The four-stage cycling race starts on August 29th in Hanover and will finish in Erfurt on September 1st. This year’s route, unveiled on Monday, will criss-cross the former ‘Iron Curtain’ route — the formidable border which divided East and West Germany — to mark the 30th anniversary of the fall of the Berlin Wall this November.
How united are German 28 years after the Berlin Wall’s fall? “The course pays tribute to the opening of the inner German border with several crossings of the former frontier strip,” said organizers in a statement.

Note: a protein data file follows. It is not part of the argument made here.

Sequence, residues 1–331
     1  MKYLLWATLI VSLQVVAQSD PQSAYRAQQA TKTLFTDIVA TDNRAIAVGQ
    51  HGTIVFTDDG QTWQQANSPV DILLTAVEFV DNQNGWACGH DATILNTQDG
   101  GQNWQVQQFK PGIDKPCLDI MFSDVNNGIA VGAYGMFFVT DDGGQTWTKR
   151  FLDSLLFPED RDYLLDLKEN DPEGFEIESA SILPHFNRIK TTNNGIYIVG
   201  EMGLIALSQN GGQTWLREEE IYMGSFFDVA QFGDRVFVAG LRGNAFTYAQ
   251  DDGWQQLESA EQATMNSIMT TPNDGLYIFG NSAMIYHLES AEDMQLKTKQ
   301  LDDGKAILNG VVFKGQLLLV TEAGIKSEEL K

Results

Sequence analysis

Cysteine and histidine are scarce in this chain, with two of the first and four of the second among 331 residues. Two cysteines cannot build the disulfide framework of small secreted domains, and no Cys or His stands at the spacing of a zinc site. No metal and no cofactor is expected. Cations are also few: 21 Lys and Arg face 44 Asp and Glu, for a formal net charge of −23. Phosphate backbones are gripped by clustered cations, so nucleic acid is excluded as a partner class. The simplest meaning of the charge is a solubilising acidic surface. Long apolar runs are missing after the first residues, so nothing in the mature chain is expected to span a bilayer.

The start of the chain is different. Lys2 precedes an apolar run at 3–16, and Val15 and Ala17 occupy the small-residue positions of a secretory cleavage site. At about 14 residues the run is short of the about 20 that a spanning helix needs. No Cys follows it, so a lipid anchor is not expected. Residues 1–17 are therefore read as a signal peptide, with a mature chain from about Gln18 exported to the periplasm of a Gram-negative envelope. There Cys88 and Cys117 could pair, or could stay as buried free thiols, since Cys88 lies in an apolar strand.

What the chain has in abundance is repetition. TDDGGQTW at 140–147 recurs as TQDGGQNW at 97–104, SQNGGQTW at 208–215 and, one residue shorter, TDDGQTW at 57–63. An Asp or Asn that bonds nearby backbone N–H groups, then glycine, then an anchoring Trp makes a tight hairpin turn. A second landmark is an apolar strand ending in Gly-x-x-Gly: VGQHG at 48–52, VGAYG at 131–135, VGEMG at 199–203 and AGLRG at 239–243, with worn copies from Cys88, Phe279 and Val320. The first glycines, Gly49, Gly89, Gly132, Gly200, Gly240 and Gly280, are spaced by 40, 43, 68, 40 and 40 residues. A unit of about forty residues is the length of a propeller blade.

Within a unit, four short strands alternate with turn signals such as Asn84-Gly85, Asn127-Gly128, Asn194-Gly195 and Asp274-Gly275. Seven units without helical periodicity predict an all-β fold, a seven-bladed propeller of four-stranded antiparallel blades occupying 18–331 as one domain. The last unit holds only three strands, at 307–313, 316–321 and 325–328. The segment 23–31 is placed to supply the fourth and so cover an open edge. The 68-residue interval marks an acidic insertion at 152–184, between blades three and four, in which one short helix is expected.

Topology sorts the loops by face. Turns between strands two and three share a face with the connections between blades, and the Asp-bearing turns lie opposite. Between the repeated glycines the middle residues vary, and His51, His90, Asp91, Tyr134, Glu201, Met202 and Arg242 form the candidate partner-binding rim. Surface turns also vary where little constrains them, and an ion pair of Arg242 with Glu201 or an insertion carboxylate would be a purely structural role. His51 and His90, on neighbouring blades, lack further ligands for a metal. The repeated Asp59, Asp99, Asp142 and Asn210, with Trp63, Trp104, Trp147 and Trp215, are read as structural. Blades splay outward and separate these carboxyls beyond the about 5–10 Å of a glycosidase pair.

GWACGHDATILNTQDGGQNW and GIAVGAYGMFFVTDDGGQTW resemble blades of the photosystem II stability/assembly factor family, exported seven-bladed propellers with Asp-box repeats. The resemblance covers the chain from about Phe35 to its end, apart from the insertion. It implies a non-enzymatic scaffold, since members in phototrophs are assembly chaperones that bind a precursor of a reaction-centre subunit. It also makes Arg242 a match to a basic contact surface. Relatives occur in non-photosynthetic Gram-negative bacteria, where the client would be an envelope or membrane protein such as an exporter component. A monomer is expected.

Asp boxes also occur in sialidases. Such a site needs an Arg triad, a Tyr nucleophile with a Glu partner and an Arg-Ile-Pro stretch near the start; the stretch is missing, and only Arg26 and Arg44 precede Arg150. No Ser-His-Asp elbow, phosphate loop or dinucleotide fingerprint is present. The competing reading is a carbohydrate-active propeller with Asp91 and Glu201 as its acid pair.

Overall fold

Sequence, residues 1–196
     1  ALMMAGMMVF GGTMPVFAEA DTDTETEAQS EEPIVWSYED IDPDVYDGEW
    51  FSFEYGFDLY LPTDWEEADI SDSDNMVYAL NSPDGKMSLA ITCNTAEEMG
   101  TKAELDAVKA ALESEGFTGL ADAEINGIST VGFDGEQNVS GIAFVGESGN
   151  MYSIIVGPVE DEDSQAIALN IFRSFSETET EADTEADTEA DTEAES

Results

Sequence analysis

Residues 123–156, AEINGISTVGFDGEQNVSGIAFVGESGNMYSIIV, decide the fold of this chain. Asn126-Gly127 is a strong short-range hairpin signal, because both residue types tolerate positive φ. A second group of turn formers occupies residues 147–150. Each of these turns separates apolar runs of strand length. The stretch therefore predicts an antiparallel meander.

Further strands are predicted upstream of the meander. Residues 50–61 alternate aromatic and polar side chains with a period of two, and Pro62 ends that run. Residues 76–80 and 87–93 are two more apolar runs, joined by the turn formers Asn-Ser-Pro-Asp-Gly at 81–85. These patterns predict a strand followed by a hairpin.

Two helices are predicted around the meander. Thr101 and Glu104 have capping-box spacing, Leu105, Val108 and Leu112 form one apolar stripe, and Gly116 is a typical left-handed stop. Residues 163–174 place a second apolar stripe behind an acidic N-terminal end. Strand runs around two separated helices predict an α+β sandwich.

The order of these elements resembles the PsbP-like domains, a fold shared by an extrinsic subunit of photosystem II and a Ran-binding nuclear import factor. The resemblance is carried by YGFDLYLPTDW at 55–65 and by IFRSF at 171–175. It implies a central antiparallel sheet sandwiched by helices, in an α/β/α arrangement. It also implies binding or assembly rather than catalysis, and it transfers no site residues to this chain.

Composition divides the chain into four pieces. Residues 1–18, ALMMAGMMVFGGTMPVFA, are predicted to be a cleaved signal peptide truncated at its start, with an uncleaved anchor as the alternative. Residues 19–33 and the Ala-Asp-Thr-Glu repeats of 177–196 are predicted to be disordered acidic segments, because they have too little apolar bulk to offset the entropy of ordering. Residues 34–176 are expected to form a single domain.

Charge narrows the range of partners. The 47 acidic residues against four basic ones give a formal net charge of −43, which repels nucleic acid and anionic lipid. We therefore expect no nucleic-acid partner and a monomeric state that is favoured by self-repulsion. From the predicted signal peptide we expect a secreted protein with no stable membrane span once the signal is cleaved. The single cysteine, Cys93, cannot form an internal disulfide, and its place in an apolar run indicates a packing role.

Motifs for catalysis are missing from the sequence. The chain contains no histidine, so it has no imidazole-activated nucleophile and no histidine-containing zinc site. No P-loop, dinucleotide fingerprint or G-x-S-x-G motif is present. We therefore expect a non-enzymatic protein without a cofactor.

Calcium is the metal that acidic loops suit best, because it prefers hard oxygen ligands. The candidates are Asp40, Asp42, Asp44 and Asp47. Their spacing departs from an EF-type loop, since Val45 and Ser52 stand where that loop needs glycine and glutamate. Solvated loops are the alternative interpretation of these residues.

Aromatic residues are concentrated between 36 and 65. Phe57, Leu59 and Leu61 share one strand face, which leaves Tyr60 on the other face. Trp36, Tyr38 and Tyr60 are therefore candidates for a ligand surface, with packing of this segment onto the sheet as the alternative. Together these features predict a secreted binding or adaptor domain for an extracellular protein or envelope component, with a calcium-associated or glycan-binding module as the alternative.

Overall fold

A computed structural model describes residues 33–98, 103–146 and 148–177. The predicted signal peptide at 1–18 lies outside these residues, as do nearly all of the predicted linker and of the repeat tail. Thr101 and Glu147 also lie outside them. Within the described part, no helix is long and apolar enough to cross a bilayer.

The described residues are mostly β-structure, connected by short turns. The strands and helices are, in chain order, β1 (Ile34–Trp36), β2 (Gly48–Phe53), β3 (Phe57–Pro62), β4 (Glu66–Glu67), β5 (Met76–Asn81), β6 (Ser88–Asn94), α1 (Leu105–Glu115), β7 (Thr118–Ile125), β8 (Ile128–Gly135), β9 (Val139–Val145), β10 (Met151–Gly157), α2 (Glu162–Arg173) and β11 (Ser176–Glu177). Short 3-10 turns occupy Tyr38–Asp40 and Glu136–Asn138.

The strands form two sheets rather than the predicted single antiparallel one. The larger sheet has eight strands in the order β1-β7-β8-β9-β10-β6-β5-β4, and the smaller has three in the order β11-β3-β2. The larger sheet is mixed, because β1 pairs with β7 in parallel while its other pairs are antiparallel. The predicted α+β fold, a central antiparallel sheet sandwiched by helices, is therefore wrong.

The ‘Deutschland Tour’ returned to the cycling calendar in 2018 after a ten-year absence, and last year’s race was won by Slovenia’s Matej Mohoric. Last year’s Tour de France winner Geraint Thomas finished in the peloton, and the Welshman’s presence boosted the Tour of Germany’s profile on its return. Each of the four stages this year offers opportunities for sprinters and climbers, especially around the Harz mountain range in Thuringia on the first day. “After our successful return last year, we wanted four classic stages again,” said former elite-level cyclist rider Fabian Wegmann, 38, the Tour of Germany’s sports director. “The course favors both sprinters and aggressive ‘punchers’ (riders who prefer rolling terrain), which will keep the race open to the last meter.”